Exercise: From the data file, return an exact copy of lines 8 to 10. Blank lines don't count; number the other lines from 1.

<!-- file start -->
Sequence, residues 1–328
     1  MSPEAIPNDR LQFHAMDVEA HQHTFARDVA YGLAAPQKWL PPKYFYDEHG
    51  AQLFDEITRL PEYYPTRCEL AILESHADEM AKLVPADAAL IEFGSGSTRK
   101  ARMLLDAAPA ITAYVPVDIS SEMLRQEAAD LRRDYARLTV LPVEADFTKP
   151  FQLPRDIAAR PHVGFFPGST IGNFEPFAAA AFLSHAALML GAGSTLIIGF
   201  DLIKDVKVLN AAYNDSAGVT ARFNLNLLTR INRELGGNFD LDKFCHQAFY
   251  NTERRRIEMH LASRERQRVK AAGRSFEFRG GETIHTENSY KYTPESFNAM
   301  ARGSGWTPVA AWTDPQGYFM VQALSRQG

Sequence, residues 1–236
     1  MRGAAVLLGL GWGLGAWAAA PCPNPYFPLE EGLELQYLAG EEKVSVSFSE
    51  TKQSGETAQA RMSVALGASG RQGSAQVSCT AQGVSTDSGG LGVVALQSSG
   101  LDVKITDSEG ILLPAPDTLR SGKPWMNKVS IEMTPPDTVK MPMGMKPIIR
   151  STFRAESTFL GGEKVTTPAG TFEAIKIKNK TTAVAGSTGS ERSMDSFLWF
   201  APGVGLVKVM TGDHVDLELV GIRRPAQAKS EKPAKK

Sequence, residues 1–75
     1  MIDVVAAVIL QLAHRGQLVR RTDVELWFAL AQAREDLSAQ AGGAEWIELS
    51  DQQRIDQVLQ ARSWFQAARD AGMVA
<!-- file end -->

   301  ARGSGWTPVA AWTDPQGYFM VQALSRQG

Sequence, residues 1–236
     1  MRGAAVLLGL GWGLGAWAAA PCPNPYFPLE EGLELQYLAG EEKVSVSFSE